L: And what about within Australia: I hear quite a lot made of the difference between Sydney and Melbourne, for instance.
A: The distinction between Sydney and Melbourne is really hard for me to put my finger on. I think a lot of people like to use the creative verses commercial argument: that Sydney is more open to the idea of the commercial funding the creative. And while that may or may not be true, I think it probably comes down to the standard of living.
In Melbourne it’s easier to be solely a creative – it’s the world’s most ‘liveable’ city. Sydney’s like London: incredibly expensive. I think the difference starts there, and produce a difference in aesthetic and approach to where the creative and commercial should and shouldn’t collide.
But this doesn’t mean that people from Sydney and Melbourne don’t collaborate with or support one another. Rather the opposite. Everyone knows everyone here – Australia’s a small country – and they back each other, it’s great.
L: Your first edition had ‘awake’ as its theme and your second was ‘floored’. There’s a certain (intentional) vagueness there: what did you want to achievefrom this?
A: The vagueness is an ideological thing. Morgan and I have never wanted to influence or restrict the work that is created for or submitted to Apathetic in any way: we like to keep it vague so there’s room for our contributors to go in any direction.
The theme of our upcoming third issue ‘Log Off,’ is, I guess, a maturing of my and Morgan’s ideas. I wouldn’t say it’s any less vague than the first or second theme, but rather we’ve been able to articulate the loose theme better. Which is exciting! We’re really keen to drop this issue, the work we’ve received thus far has been amazing!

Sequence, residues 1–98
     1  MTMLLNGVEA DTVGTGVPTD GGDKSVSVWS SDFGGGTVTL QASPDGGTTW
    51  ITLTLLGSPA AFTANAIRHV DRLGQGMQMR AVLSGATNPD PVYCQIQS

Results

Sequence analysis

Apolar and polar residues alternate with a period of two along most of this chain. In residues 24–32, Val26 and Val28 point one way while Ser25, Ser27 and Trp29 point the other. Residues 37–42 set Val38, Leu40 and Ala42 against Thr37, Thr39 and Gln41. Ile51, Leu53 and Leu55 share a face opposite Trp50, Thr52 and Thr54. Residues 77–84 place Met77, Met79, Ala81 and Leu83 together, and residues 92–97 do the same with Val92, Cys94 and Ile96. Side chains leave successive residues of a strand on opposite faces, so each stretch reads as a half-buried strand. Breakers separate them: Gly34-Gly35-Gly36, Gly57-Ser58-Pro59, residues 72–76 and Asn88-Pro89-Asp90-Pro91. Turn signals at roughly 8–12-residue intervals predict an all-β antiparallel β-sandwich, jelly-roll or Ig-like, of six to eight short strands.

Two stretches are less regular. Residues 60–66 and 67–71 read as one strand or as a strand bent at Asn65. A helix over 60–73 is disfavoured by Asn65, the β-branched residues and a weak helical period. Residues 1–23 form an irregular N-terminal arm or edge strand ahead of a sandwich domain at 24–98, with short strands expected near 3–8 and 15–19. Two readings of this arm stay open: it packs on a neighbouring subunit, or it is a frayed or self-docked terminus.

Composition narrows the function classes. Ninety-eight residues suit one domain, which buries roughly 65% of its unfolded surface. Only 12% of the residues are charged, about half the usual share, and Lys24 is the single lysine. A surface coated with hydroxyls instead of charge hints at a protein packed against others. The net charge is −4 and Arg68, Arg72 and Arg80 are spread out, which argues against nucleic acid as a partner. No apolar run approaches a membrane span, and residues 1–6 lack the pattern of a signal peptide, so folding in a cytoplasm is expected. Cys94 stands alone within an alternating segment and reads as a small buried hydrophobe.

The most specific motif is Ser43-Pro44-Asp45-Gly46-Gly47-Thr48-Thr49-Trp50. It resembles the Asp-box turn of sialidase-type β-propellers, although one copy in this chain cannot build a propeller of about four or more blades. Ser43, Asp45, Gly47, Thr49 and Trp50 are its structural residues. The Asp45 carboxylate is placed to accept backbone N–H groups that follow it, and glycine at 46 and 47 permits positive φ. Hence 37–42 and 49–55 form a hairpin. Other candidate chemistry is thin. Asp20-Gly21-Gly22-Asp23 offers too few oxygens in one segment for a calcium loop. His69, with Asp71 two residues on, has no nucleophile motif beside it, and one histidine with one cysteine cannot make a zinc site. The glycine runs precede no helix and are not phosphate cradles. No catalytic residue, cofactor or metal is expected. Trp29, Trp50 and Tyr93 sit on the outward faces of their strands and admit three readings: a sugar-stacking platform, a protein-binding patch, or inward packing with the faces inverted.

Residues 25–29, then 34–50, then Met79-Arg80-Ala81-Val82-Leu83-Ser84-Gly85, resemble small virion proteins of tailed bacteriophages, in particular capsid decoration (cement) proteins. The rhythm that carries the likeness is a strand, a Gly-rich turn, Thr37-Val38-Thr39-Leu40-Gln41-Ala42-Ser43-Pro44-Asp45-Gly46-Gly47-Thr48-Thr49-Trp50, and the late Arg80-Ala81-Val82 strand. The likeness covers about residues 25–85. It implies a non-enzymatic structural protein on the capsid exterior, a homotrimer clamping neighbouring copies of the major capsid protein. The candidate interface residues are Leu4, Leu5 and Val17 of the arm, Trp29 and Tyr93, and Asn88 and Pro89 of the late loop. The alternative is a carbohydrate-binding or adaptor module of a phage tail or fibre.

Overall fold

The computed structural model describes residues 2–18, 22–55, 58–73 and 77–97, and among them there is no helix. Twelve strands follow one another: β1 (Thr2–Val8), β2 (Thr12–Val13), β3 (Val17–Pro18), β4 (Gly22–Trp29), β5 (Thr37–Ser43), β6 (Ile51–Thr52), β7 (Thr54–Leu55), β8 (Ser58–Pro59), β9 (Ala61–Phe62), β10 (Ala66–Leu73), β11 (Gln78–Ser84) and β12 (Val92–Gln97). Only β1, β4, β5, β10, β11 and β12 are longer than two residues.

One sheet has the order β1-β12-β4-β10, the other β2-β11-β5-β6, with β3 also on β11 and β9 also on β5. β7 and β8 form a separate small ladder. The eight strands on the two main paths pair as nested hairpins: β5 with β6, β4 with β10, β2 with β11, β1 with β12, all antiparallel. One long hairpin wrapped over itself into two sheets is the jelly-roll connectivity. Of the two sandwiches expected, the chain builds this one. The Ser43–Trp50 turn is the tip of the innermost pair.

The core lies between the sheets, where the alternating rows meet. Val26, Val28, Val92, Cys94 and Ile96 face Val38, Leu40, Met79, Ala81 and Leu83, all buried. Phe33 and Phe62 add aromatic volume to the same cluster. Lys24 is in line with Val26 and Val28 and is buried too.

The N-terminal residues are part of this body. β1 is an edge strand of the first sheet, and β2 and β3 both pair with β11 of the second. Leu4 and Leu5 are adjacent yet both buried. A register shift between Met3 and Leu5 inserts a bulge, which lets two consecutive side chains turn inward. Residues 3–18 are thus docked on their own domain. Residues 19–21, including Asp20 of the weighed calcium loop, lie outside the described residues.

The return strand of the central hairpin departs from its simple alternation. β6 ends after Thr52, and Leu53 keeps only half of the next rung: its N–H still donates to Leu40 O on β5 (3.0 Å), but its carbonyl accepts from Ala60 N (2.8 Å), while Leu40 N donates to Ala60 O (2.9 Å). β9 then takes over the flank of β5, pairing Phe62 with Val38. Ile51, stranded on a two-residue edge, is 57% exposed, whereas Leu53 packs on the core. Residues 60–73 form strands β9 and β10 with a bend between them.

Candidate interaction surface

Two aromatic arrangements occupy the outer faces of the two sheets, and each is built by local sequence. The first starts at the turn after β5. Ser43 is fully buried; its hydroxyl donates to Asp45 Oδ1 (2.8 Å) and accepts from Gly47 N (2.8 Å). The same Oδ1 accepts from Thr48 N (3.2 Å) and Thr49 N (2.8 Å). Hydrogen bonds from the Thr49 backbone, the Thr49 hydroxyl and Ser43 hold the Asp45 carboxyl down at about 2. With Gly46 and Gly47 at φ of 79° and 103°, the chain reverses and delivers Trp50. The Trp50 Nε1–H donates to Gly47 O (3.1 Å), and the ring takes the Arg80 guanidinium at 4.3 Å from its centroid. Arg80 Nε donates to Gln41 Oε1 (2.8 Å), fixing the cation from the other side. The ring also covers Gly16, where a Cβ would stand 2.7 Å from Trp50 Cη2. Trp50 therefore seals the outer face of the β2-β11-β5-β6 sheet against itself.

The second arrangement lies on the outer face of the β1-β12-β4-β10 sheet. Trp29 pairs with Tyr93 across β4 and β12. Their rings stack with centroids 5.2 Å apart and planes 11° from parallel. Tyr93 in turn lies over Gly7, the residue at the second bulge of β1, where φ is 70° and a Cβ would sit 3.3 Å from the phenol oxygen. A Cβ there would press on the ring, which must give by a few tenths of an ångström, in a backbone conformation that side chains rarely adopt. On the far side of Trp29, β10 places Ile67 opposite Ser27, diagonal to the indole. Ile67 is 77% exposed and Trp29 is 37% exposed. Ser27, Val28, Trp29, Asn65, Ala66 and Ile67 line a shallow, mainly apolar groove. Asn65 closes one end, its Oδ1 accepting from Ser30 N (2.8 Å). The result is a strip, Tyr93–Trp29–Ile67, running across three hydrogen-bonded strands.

L: How do you fund Apathetic?
This is something that’s evolved as we have. Our first issue was entirely self funded. I worked almost 50 hours a week in a cafe (PCP) to print the first run and to finance the space we launched in. For issue 2 we were lucky enough to receive some support from some incredible local businesses, most notably PCP (Sydney and LA) and the creative hub Paramount House, whose ethos we felt really suited our own and who we really believe in and felt comfortable advertising. However we also contributed a fair bit of personal income to this issue. For our upcoming third issue it looks like we’re going to be entirely advertorially funded, which is exciting!
J: You have another job alongside Apathetic that supports you financially – and so, in some respects, the journal is a labour of love. Do you think this is a direction print media is going in generally, and if it is, do you think this is necessarily bad thing?
A: Oh definitely! And I definitely think it’s a positive rather than a negative thing – this idea of a labour of love. I work a relatively commercial job, that whilst having creative elements and being something I enjoy, I do to support myself so that Apathetic can be possible. I’m acutely aware of the necessity of the commercial in supporting the creative and I find a great deal of value in the commercial because of this. I do see this being the future of print media.
Running something like Apathetic, as you would know Jago, you become aware of the overheads and when you crunch the numbers, you start to learn to make choices based upon creating something you can sustain. Print isn’t easy to make sustainable, but for those of us who love print media, we work our arses off to keep it going and to produce in this way. If I had to make a prediction, I’d say in 5-10 years this will be the only way that print is produced, by people like you and I, who love it enough to sacrifice for it, or by people with the big bucks who don’t want to see it die.
J: Does Apathetic address any overtly political issues?
A: So far no, we’ve not really touched on anything overtly political. But that’s not been a choice based thing. We work on a submission basis and have simply not been submitted anything in the past that carries a strong political message. However the work we’re working with for our upcoming third issue ‘Log Off,’ is political by nature – the Internet and identity are inextricably linked to socio-political ideals – and largely by default, so in this issue we will see this change. Which we whole-heartedly welcome. We’re really intrigued by the political landscape of the Internet, especially in the way it relates to identity and its expression. I can’t wait to see this realised in issue #3.
Apathetic can be purchased on their website, their third issue Log Off, and its accompanying exhibition, will launch in July.
LYRA‘s first issue is out on the 19th of May, subscribe, buy tickets to our launch and support our Kickstarter here.
– Interview by Jago Rackham; edited by Hannah Hood